The authorities have called a day of national mourning for those killed in Friday’s powerful rush-hour explosion in Ashrafieh, an upmarket mostly Christian district of Beirut.
Officials said Internal Security Forces (ISF) intelligence chief General Wissam al-Hassan was among at least three people who died — one of the highest-profile killings since the 2005 murder of former premier Rafiq Hariri.
Both the ISF and the Red Cross reported a lower death toll than the information ministry’s figure of eight reported overnight.
But Red Cross spokesman Ayad Mounzer told AFP “this is not the final toll, as we still need to see what happens to the critically wounded.”
The ISF put the number hurt at 80 in a blast that ripped through a busy square in the district where Hassan lived, and the Red Cross at 110.
The site, a mass of rubble and twisted metal, remained blocked off on Saturday and investigators were sifting through the damage.
Protesters also blocked some roads in Beirut, Sidon in the south, Tripoli in the north and the Bekaa Valley in the east.
The cabinet was meeting in emergency session to discuss the fallout from the bombing, after key opposition groups called on the government to step down.
“The government must leave and we call on Prime Minister Najib Mikati to resign immediately,” Ahmad Hariri, secretary general of the anti-Assad Future movement, said on Friday night.
Hassan, 47, was close to Hariri’s son, Saad, himself a former premier who leads the major opposition March 14 coalition of which Future is a party.
In keeping with a complex power-sharing arrangement in multi-confessional Lebanon, the premier is always a Sunni Muslim. But parliament and the government are dominated by the powerful Shiite movement Hezbollah, an Assad ally.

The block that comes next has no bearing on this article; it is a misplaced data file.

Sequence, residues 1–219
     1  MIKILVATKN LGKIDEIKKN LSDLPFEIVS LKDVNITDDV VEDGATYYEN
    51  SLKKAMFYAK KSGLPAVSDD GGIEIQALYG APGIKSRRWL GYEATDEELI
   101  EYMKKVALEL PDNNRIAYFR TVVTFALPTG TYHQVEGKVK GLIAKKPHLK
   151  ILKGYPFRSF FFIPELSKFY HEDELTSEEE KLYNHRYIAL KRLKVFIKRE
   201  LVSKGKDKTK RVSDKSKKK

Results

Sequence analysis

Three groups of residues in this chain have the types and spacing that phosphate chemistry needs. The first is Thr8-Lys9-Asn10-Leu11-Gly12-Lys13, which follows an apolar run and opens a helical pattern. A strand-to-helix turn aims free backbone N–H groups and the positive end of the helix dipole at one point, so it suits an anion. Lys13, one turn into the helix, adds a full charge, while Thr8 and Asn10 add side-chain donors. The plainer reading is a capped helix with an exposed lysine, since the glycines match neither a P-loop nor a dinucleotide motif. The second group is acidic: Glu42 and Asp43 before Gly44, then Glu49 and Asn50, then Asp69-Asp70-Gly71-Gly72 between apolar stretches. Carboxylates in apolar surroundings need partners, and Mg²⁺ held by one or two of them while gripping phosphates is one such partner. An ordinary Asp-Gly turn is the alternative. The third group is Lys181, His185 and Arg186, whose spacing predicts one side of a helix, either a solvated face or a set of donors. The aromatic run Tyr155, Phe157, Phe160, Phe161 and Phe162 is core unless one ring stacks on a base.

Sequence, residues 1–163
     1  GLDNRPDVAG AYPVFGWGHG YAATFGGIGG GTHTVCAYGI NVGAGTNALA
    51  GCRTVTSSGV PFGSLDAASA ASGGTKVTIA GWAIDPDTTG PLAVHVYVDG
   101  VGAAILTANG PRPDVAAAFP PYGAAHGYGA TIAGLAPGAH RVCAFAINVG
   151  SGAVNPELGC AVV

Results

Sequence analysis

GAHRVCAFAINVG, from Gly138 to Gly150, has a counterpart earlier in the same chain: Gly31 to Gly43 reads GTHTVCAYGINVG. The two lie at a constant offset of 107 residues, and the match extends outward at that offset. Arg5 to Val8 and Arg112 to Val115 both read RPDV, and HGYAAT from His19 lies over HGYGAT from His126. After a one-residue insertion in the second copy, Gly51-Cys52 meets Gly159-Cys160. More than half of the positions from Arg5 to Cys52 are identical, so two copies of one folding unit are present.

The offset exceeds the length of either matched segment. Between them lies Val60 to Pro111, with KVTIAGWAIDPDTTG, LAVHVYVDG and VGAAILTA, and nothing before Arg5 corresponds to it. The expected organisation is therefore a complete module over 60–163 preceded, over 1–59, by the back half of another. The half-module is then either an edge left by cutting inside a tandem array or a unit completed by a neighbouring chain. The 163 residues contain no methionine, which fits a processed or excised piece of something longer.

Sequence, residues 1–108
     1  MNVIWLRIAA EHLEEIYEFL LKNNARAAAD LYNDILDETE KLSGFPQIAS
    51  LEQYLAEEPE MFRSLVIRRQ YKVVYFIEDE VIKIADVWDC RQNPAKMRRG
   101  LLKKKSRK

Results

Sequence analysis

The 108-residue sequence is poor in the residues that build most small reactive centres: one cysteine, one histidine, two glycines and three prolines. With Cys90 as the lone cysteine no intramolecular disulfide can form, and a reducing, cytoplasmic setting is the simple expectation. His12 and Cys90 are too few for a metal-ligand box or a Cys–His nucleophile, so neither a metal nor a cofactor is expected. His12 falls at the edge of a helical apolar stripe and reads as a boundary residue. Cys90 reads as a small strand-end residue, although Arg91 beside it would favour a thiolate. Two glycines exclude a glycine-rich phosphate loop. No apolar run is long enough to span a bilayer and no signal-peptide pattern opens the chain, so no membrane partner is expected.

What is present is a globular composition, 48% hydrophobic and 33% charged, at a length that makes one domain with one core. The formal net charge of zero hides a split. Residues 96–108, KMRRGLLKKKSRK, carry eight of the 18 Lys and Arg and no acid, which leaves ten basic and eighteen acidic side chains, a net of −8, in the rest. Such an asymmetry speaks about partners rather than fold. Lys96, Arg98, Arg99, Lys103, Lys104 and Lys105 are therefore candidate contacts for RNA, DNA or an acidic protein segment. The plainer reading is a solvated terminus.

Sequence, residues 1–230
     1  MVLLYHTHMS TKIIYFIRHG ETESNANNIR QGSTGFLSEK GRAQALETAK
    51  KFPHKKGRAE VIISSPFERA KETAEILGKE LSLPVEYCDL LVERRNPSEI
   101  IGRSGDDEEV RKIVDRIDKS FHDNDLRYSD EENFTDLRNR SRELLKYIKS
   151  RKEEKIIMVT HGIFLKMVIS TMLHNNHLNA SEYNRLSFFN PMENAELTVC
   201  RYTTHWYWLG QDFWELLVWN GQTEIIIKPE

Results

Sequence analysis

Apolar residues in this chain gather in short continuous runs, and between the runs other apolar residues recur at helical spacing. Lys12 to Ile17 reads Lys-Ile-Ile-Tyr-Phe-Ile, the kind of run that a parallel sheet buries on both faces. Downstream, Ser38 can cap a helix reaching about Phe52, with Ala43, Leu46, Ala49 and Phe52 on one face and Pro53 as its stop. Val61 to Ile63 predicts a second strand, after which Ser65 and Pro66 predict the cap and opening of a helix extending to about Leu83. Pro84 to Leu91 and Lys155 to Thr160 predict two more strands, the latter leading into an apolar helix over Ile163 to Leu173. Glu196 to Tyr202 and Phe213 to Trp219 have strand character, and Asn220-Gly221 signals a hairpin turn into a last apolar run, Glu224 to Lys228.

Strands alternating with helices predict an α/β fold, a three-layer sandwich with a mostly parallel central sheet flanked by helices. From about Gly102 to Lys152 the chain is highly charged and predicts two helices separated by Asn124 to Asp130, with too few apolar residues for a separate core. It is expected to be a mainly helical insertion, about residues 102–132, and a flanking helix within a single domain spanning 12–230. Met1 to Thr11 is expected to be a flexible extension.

Mikati’s office said the “size and tragic consequences of this heinous crime is a source of severe pain and sadness to the prime minister.”
Soon after the bombing, Syria condemned what it called a “terrorist, cowardly” attack.
But both Saad Hariri and Walid Jumblatt, the influential Druze leader, accused the Syrian president of being behind the bombing.
“We accuse Bashar al-Assad of the assassination of Wissam al-Hassan, the guarantor of the security of the Lebanese,” said Hariri.
Jumblatt told AFP “the Syrian regime is expert in political assassinations. Our response needs to be political. A president who burns Syria and is the executioner of Damascus does not care if Lebanon burns.”
Hezbollah said the attack was “an attempt to destabilise Lebanon and national unity.”
Following the news that Hassan, a Sunni, had been killed, angry Sunnis set fire to tyres and blocked the road from the city of Tripoli to the Syrian border.
Also in Tripoli, gun battles broke out after the office of pro-Hezbollah Sunni party Tawhid came under rocket fire. A Sunni sheikh and party member, Abed al-Razzak al-Asmar, was killed in the crossfire, a security official said.
The European Union, United Nations and United States condemned the bombing, as did Iran, a strong ally of both Damascus and Hezbollah.
US Secretary of State Hillary Clinton called the attack a “dangerous sign that there are those who continue to seek to undermine Lebanon’s stability.”
Traffic was light on the streets of Beirut on Saturday morning, while news of the explosion and its implications for the country’s fragile political structure dominated the press.
“Wissam al-Hassan martyred... and civil peace in danger,” said a headline in the As-Safir newspaper.
“Tomorrow will not be like yesterday. The assassination of Wissam Hassan will not pass. Lebanon will shift from the era of waiting for the worst, to living under the worst and with the costliest risks”.
An-Nahar wrote that “the iron spear against the Assad regime has been assassinated”, referring to Hassan.
Under Hassan, the ISF played a central role in the August arrest of former information minister Michel Samaha, closely linked to Damascus, who was charged with planning attacks to instigate sectarian strife.
Friday’s bombing touched off painful memories of Lebanon’s 1975-1990 civil war and the unrest that has followed, much of it linked to Syrian influence.
At the time of Hariri’s murder in February 2005, Lebanon was occupied by Syrian troops who had entered during the civil war under an Arab League mandate.
The outcry that followed Hariri’s murder prompted Damascus to withdraw, but Syria still exerts a strong influence.
No one has ever been tried for Hariri’s murder, but a UN-backed tribunal has indicted four Hezbollah members who are still at large.
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